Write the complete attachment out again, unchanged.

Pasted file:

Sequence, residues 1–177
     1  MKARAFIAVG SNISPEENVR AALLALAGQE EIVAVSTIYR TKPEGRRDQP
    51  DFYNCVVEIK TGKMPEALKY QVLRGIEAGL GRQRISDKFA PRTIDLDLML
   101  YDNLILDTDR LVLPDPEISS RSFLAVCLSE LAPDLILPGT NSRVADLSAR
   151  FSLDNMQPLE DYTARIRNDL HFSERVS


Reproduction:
Sequence, residues 1–177
     1  MKARAFIAVG SNISPEENVR AALLALAGQE EIVAVSTIYR TKPEGRRDQP
    51  DFYNCVVEIK TGKMPEALKY QVLRGIEAGL GRQRISDKFA PRTIDLDLML
   101  YDNLILDTDR LVLPDPEISS RSFLAVCLSE LAPDLILPGT NSRVADLSAR
   151  FSLDNMQPLE DYTARIRNDL HFSERVS